SEATTLE (AP) - Ichiro Suzuki tied the record for most career hits by a Japanese player with his first grand slam in six years Wednesday night, his second hit of his season debut following his first career trip to the disabled list.
Suzuki golfed a full-count pitch from Los Angeles’ Angels reliever Jason Bulger four rows into the right field bleachers in the bottom of the seventh for his first slam since July 18, 2003. Suzuki knew the 74th home run of his nine-year major league career was gone immediately. He dropped his bat and just watched _ along with some fans back in Japan _ before breaking into a proud trot.
It gave the Mariners an 11-3 lead _ and more thrills to a crowd of 18,516 that was already buzzing from Ken Griffey Jr.’s 613th career home run three innings earlier.
Ichiro, an eight-time All Star and eight-time Gold Glove outfielder, tied Isao Harimoto’s Japanese record with hit No. 3,085.
The record is a big deal in Japan, so big a television network there flew Harimoto to Seattle so he could attend Wednesday’s game.
Suzuki had 1,278 hits in nine seasons with Orix of the Japanese Pacific League and has 1,807 in eight with the Mariners. Harimoto played 23 seasons with the Toei Flyers (who later became the Nippon Ham Fighters), Yomiuri and Lotte.
Suzuki, 35, went on the 15-day DL after he was diagnosed with a bleeding ulcer that caused him to miss the final days of spring training. The ulcer had stopped bleeding by the time Suzuki was diagnosed, but severe fatigue forced the move to give Suzuki rest, against his wishes.
Seattle was off to a 6-2 start without him and had won five in a row entering Wednesday.
To make room for Suzuki, Seattle placed left-handed starter Ryan Rowland-Smith on the 15-day DL with triceps tendinitis, retroactive to April 11. The frustrated Rowland-Smith said he stopped having full range of motion in his throwing arm Monday.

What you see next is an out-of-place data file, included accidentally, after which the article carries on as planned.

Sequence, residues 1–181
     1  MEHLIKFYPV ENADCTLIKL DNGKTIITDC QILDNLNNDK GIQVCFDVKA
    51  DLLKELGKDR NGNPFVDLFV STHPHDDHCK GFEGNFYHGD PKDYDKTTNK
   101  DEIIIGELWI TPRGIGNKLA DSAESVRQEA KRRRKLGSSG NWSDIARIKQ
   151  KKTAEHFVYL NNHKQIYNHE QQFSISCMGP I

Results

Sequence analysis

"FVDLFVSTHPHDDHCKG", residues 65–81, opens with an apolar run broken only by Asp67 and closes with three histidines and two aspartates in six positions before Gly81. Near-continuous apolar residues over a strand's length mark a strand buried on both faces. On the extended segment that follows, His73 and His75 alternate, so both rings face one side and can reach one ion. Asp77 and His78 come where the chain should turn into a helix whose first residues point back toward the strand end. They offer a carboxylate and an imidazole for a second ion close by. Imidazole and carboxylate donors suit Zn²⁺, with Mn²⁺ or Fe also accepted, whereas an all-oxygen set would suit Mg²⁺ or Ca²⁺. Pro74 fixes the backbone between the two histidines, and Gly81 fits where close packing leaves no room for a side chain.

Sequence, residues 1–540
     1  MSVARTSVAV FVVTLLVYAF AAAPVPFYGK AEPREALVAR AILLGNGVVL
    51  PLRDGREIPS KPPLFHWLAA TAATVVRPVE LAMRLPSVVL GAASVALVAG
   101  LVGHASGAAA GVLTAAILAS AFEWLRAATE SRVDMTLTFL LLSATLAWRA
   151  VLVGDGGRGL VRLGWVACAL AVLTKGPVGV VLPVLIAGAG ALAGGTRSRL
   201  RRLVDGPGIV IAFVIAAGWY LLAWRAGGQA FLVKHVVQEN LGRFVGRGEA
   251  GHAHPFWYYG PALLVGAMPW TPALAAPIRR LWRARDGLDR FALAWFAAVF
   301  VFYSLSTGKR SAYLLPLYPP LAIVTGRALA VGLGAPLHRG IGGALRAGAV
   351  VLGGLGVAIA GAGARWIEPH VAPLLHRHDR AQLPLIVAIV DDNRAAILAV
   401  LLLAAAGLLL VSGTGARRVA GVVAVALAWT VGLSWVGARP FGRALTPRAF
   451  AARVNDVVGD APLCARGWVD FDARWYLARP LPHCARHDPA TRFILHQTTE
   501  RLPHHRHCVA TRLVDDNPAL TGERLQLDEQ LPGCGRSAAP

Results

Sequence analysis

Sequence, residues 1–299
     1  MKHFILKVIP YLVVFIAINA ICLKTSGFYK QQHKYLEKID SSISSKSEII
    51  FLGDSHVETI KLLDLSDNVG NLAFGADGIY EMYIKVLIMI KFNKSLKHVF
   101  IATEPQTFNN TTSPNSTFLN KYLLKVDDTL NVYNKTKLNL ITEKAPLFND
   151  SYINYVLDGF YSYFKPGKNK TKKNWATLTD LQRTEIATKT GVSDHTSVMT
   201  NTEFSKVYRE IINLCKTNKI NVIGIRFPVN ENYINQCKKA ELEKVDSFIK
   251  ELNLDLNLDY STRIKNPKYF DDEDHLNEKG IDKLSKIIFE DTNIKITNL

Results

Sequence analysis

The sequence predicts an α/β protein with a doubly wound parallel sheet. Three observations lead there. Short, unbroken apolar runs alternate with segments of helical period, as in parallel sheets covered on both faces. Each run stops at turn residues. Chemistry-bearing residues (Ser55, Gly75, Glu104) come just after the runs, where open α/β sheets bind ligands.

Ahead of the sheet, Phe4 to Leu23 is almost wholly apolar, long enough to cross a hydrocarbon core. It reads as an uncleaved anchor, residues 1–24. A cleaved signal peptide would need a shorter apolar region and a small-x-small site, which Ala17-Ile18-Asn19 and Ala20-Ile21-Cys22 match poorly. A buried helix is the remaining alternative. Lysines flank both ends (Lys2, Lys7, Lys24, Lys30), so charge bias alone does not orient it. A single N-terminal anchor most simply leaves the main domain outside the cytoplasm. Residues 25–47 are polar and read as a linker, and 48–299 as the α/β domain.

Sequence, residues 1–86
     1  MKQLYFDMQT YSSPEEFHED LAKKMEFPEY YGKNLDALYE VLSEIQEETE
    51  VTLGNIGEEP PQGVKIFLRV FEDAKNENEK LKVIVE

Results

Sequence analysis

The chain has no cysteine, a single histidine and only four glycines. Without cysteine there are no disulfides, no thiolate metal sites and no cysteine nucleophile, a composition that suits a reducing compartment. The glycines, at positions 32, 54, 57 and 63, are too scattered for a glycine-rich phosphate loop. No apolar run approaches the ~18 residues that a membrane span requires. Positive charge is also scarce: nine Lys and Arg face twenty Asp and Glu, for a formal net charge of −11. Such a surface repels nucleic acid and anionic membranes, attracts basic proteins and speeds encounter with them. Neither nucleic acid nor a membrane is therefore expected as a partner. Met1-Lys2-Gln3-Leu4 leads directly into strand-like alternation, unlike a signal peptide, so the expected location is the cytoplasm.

He was scheduled to start Thursday against the Angels, but right-hander Chris Jakubauskas, a 29-year-old native of Anaheim, Calif., will get a promotion from Seattle’s bullpen to make his first career start instead.
There are debates in Japan whether Suzuki owns the “true” Japanese record for hits because more than half his total is while playing in the United Sates, but Harimoto said previously he would believe Suzuki owns the true record.
“He said he told me 15 years ago he would probably break my record,” Harimoto said through interpreter Takanao Ishii, while watching Suzuki take batting practice Wednesday afternoon.
“Ichiro remembers that. I don’t remember that,” he joked.
Harimoto played against Willie Mays during an offseason tour of Japan by major league players half a century ago, calling Mays the greatest player he ever saw. He said there is a big reason Suzuki reached his hits record in six fewer seasons than Harimoto took to set it: he noted major league pitchers still pitch to Suzuki “even on a day he gets five hits.”
Harimoto said once he got two hits in a game, Japanese pitchers walked him _ or threw at his head.
Jakubauskas, a non-roster surprise from spring training, was at Double-A West Tennessee this time last year, taking 13-hour bus rides for road games. He began his professional career earning $700 a month pitching for Florence, Ky., of the Frontier League and spent four seasons in the Independent Leagues.
One was for the Ohio Valley Redcoats. They didn’t have a home stadium in 2005, so they played 90-plus games on the road.
He supplemented his meager Independent League salaries in winters by laying concrete, processing home loans for a bank _ and selling women’s shoes at a Nordstrom’s department store in Montclair, Calif.
“It was pretty lucrative, but obviously it wasn’t what I wanted to do long term,” he said.